The first step is to ensure that I have all the parts for the board. Since ideally you would only want to reflow the board once. I organized this in my project book as shown below. This makes it easier to find all the parts when it is time to place them on the board. Also the parts will not get mixed up! (The 0.1 uF, 22 pF and 4.7 uF caps all look the same!)
Then I realized that I am missing a key component: 3.3 V Zener diode. Ordering just a single part from Digikey is quite expensive and I will have to postpone the board assembly yet again. Luckily I had a through hole 3.3 V Zener in my parts inventory. So I made a choice to do the reflow without the Zener, and then afterwards solder in the through hole Zener to the surface mount pads.
The next step is to put solder paste on the pads. I am using Chip Quick no clean lead free solder paste (SMD291SNL-ND). The solder paste came with a syringe and a nozzle. Ideally to put solder paste on a board you have to make a stencil first. Getting a professionally made stencil for a board can be quite expensive. So I decided to do it the hard way by putting solder paste manually on the pads using the syringe.
I had no idea how difficult it is to put solder paste onto a pad with a syringe. The paste didn’t really stick at all. You have to make sure not to put too much solder paste on a pad. If you do then you run the risk of making solder bridges. Too little solder paste and it won’t make a good connection. Having never done this before, I had a high risk of making one of or both of those two errors. Solder bridges on pins can easily be corrected later so I wasn’t too worried except for two components: The ADXL345 accelerometer and the HSMF-C165 bi-color LED. All the pads of these chips are located underneath the component. I only had one chance to get it right with these two.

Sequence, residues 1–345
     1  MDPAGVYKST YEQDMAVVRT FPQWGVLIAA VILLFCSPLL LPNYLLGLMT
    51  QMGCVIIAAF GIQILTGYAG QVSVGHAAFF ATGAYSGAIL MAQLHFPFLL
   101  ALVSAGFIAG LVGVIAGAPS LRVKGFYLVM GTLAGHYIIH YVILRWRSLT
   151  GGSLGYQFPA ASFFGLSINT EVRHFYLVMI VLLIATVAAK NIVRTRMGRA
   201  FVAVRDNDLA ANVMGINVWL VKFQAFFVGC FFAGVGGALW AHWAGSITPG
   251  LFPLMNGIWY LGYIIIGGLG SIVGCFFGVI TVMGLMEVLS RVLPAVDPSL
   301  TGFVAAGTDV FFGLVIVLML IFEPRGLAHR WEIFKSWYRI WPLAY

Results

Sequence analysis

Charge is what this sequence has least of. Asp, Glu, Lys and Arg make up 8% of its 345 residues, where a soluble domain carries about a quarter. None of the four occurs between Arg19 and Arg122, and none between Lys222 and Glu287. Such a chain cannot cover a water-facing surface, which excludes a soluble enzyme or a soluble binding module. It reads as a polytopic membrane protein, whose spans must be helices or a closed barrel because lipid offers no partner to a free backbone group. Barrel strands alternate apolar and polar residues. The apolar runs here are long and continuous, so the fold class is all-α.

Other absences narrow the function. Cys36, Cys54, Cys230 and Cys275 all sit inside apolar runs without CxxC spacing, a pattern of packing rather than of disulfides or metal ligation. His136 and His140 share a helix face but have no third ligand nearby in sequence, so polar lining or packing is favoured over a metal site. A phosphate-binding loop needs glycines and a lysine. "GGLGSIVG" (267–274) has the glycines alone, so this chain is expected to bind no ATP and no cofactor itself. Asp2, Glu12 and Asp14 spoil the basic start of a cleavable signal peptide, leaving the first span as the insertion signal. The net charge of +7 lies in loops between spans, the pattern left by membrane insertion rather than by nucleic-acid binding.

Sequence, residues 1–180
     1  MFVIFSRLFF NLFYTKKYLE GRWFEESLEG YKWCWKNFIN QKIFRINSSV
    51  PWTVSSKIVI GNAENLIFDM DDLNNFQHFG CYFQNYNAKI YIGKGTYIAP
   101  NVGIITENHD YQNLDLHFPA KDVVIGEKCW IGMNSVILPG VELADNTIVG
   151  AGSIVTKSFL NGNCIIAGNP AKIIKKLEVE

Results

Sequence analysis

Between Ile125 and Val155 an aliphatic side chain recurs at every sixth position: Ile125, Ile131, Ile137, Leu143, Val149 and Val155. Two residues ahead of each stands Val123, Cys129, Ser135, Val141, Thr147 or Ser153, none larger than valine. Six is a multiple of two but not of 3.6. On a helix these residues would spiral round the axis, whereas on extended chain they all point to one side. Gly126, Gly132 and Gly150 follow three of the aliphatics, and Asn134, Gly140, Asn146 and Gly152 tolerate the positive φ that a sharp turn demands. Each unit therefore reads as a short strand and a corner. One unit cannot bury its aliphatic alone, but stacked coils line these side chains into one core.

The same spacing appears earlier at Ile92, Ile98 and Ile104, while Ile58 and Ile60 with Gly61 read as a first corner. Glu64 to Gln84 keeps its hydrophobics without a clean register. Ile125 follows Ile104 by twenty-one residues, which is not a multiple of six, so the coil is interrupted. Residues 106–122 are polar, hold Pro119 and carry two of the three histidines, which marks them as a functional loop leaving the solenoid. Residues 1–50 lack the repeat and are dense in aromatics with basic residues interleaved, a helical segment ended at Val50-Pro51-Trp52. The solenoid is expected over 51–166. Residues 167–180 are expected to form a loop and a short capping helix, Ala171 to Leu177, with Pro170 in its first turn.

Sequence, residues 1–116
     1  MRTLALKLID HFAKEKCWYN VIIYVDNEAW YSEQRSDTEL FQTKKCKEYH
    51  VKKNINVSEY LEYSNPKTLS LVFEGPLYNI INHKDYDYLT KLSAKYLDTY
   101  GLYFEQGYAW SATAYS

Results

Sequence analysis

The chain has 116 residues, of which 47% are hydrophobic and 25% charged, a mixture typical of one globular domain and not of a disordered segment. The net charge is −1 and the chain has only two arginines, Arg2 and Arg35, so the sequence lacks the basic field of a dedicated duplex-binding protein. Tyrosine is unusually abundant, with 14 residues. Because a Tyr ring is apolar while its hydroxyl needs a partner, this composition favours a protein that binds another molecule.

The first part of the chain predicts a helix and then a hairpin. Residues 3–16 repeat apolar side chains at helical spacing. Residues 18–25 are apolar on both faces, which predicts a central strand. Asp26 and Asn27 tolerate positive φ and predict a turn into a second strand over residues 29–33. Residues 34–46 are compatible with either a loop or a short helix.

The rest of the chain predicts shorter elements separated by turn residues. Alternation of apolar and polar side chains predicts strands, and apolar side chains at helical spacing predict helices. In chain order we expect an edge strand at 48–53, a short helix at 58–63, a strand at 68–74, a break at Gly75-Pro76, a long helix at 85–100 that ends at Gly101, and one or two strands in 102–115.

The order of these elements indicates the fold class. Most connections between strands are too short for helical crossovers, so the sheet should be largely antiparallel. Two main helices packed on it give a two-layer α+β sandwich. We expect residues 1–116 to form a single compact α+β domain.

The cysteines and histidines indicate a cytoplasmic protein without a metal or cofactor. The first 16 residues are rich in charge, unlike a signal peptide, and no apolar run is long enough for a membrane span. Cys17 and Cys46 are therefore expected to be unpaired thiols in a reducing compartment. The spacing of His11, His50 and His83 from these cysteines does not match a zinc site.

With care and patience I put solder paste on all of the surface mount pads.
Once solder paste is applied to the pads it is time to place the components on the board. I must say this part is quite fun. Specially putting the resistors and capacitors. Once placed on the pads the solder paste holds the component in its place. The ATmega328p took a little aligning and the ADXL needed quite a bit of nudging to get it in place. Once all the components are placed on the correct pads (also in their correct orientations; watch out for those polarized caps!)
Once all the components are placed in the pads I put the board carefully in the reflow oven and ran a previously prepared custom reflow profile. After about 10 minutes the board was ready to be taken out of the oven.
Initial inspection showed that there were no solder bridges! All the resistors and capacitors showed solid connections with their pads. The only issue was the 3PDT switch, and this could have been totally avoided. The heat caused the plastic parts of the switch to melt. The switch was unusable.
So I removed the switch and manually soldered in another one in its place. After that I soldered in the Zener diode, the seven square LEDs that go on the edge, and the 150 mAh liPo battery. And then the moment of truth; Did the accelerometer and the bi-color LED make it? Did all the parts survived the heat inside the reflow oven?
They did! I was able to upload the bootloader to the ATmega328p and program it. The bi-color LED was working, which also meant that the LiPo battery charge circuit was also working.
I am very happy that the first try on my home made reflow oven was a success. The next step for the Gyro’clock project is to make a case for it. That is another completely new avenue for me to explore. Until next time!